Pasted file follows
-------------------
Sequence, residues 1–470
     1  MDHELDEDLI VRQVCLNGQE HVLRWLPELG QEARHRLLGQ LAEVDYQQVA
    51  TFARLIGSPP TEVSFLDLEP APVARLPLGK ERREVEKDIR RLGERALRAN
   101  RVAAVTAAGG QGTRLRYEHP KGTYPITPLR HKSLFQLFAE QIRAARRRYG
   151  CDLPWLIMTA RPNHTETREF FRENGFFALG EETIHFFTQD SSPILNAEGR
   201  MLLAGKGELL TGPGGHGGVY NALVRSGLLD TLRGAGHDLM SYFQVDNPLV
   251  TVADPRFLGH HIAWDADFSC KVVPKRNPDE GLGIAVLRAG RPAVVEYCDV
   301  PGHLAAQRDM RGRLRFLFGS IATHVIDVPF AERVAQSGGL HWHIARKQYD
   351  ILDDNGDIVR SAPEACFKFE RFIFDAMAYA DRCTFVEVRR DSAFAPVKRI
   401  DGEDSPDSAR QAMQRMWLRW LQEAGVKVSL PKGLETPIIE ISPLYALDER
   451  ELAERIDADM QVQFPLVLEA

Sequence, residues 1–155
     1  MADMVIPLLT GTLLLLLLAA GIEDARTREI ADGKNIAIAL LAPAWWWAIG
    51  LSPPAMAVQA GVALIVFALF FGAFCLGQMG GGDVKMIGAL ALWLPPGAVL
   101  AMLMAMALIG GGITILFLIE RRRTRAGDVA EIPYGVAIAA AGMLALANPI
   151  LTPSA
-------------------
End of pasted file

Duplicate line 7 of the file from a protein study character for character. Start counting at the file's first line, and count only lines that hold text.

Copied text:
   251  TVADPRFLGH HIAWDADFSC KVVPKRNPDE GLGIAVLRAG RPAVVEYCDV